Back when I was firefighter (firemen stoke fires, firefighters put them out) one of our favorite pastimes, after our station work was done and there were no fires, was playing ping-pong. My partner was a man named Richard Railsback. Rails as we called him was a 6 foot, 3 inch man who weighed about 230 pounds. In spite of his size, he was an excellent ping-pong player. He and I took second place in a city-wide tournament three years running. A team from fire Station 51 beat us every year, before we finally won the Houston Fire Department Championship.

I wasn’t a nice person in those days, you might say I was not worth knocking in the head; but let’s share a story. About two o’clock one morning, the alarm went off and the dispatcher said, “Fire at the U-Tote-M Store, West 43rd and Ella Boulevard, 213, 231 and 232 respond.” An easy location to get to, out the door turn right and go one mile and you were there. I hit the seat, started the pumper,

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Mar

23

Posted by : Staff Reports | On : March 23, 2012

By Buddy Hazell

March 1, 2012, I was sitting in my recliner watching the 5 o’clock news, when a tear came rolling down my cheek. I thought to myself, “What’s wrong with my eye?” Then out of my eye came another tear. Not knowing my wife was looking, I wiped the tears away, and I said, “Honey, it is just a few weeks away.” She replied, “Yes I know”; I felt as if my heart had burst, and I got up and went into the bedroom, weeping as I went.

This story will be short, because my eyes are already watering up. My wife says that in my old age I am getting mellow, sentimental and emotional; maybe she is right. But, on March 25, 2010 God called my number three daughter home. He left me

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Mar

16

Posted by : Press release | On : March 16, 2012

Back to Rockdale, living with Dave and Nettie. It was early spring; Dave and I had been in the Bottom grubbing out persimmon sprouts since daylight. Our water jug was empty and we were hot and thirsty. Dave said, “Let’s go to the house and finish up tomorrow.” I was ready for that. We had a mule hitched to a slide and we were both tired enough to just get on the slide and ride back to the house.

Nettie called to us, “That old momma cat hasn’t been here all morning and her kittens are hungry.” Dave replied, “Aw, she’s probably at the barn, or the crib, or maybe just out hunting.” I must have been the dumbest kid the world has ever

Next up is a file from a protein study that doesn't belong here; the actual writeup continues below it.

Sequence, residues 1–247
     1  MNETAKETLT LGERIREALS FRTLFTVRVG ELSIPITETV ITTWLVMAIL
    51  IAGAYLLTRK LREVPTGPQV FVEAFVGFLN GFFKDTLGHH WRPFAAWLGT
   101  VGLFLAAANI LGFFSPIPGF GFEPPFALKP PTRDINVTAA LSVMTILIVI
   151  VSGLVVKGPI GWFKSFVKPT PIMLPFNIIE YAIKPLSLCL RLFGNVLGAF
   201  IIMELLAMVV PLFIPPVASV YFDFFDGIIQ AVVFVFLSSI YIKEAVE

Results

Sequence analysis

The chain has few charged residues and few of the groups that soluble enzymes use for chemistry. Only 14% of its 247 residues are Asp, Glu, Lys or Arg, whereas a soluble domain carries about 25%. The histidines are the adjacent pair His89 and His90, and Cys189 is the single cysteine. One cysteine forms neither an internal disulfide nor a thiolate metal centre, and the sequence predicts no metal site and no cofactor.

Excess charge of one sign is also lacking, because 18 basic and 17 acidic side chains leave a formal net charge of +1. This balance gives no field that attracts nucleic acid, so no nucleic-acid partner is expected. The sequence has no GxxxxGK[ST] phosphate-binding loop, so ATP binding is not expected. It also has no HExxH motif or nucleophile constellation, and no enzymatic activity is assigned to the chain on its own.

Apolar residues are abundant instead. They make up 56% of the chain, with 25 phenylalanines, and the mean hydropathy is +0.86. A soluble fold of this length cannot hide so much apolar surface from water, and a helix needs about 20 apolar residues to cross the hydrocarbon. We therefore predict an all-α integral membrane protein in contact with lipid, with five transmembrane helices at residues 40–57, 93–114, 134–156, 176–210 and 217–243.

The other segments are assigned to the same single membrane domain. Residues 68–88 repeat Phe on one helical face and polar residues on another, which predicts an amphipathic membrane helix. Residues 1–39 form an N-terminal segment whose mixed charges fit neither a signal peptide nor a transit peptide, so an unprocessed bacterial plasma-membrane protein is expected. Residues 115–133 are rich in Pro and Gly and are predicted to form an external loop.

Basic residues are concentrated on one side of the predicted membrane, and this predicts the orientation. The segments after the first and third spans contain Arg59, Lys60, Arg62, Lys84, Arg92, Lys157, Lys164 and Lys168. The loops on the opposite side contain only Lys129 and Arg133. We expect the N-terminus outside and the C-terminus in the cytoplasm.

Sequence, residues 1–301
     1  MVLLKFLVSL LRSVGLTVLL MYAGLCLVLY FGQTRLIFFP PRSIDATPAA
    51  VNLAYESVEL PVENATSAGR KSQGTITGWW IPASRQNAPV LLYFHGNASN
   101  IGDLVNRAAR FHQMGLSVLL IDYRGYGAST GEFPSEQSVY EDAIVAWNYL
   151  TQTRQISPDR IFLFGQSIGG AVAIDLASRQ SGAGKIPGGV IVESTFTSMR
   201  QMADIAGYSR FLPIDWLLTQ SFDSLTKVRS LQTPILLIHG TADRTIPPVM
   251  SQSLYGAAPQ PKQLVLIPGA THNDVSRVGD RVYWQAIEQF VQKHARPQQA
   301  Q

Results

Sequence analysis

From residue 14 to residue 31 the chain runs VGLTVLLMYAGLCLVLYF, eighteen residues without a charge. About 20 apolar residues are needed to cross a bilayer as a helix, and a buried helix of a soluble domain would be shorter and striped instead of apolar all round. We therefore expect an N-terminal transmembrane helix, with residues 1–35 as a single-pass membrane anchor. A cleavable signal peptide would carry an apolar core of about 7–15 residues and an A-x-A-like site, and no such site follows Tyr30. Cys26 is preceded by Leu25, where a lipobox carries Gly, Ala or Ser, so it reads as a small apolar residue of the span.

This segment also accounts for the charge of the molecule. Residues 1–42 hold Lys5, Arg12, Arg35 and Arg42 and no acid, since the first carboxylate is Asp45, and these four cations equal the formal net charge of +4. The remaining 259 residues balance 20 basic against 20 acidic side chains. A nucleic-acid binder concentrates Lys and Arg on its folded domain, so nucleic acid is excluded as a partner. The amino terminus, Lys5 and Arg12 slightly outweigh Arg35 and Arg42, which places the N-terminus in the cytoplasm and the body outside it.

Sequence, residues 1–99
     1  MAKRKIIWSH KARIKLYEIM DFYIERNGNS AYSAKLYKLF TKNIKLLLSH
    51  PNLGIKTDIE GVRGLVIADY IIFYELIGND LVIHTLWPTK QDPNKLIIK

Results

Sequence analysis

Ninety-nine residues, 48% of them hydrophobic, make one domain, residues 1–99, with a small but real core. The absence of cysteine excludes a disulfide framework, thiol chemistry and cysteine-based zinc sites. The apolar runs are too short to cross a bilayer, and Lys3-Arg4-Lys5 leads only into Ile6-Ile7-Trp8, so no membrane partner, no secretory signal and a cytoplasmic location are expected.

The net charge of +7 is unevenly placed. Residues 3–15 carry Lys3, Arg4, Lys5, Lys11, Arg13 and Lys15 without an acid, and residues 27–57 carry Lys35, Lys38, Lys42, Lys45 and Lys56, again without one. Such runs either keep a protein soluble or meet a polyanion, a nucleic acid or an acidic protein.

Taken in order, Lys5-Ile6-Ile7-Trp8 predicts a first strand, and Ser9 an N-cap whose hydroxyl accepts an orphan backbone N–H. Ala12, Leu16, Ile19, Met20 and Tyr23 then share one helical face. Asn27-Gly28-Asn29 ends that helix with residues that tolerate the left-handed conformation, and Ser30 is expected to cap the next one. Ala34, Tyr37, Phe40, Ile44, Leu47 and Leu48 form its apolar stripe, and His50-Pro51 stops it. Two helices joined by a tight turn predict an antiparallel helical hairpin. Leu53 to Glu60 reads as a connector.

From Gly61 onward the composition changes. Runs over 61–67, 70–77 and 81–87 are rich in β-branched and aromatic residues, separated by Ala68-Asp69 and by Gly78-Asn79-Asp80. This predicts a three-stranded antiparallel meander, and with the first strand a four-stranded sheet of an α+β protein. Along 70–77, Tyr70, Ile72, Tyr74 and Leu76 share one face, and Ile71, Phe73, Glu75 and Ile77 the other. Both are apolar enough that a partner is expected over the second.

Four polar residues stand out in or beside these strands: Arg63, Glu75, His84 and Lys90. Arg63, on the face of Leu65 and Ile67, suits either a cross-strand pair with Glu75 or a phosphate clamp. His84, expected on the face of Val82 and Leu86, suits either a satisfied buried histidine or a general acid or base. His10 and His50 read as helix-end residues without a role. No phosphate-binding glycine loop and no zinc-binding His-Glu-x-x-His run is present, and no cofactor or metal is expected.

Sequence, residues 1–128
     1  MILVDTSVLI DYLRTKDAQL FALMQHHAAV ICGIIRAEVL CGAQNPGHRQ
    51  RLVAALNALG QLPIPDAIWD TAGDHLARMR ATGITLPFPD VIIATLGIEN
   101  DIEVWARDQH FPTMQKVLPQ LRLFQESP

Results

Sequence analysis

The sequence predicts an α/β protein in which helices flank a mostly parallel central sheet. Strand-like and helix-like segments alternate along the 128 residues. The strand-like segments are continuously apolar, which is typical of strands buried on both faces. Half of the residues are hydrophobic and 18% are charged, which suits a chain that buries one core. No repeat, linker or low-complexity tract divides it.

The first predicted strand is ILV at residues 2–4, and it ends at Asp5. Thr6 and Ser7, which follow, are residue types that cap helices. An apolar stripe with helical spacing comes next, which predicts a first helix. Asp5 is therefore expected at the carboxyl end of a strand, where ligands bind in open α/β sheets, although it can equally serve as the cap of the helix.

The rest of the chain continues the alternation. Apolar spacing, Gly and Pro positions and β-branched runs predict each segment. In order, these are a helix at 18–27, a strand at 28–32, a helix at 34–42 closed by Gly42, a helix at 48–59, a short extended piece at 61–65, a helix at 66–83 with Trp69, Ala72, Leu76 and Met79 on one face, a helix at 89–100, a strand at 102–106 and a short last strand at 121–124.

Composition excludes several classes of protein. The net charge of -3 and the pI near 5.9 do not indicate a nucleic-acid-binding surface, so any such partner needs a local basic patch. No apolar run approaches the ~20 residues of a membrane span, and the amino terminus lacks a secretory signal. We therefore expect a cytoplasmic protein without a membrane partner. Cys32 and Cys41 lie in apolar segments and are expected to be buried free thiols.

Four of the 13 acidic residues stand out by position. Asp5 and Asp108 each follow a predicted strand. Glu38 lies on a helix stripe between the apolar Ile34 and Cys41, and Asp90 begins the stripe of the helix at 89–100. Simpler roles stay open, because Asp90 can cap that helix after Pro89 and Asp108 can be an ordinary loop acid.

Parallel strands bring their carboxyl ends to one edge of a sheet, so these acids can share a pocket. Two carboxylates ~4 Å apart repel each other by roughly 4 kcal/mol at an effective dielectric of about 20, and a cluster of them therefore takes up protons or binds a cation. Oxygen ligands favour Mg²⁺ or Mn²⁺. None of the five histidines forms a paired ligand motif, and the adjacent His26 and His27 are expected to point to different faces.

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Mar

08

Posted by : Press release | On : March 8, 2012

By Buddy Hazell

Before we get into this story, let me clear the air. This happened a number of years before I had repented of my sins and surrendered my life to Jesus Christ. When I told my wife that I was going to write this, she very emphatically told me, “Don’t you dare write about that, people will think you still do those things.” However, people who know me know better than that. So, here we go:
In the late 1960’s, I was running a Horse Ranch just outside of Tomball. The ranch covered 2,000 acres and was owned by a lawyer in Houston. I had

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Feb

17

Posted by : Staff Reports | On : February 17, 2012

By Buddy Hazell

I was saved January 4, 1970 and I was amazed at the changes that God made in my thoughts, attitude, habits and language. Before January 4th, I could not even say “Good morning,” without a string of four letter words describing you and your family. This story is about just one of the changes God made in my life.

About four months after I was saved, a neighbor, Bob Thornton, who lived half a mile from us (this distance is critical to the story), wanted me to build a barn for him. After we sat down and discussed just what he wanted, we agreed

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Jan

27

Posted by : Press release | On : January 27, 2012

By Buddy Hazell

The date was July 4, 1943. I was staying with Dave and Nettie Scott for the summer. Rockdale was having a big Fourth of July celebration with a parade, barbecue, games for the kids and horse races. This was also a day when horse traders would be in town to buy, sell and trade horses and mules.

Dave’s old cow-horse had gotten so old, that he could no longer do his job, so Dave had to replace him. I put Dave’s saddle and bridle in the pick-up and Dave, Nettie and I headed to town. Dave parked by the train depot and he and I walked over to the stock pens to see what was there. Horse traders and other people were just beginning to get there, so we walked back to the truck to get Nettie and walked over to the fairgrounds.

The parade was getting ready, the high school band was getting in place and there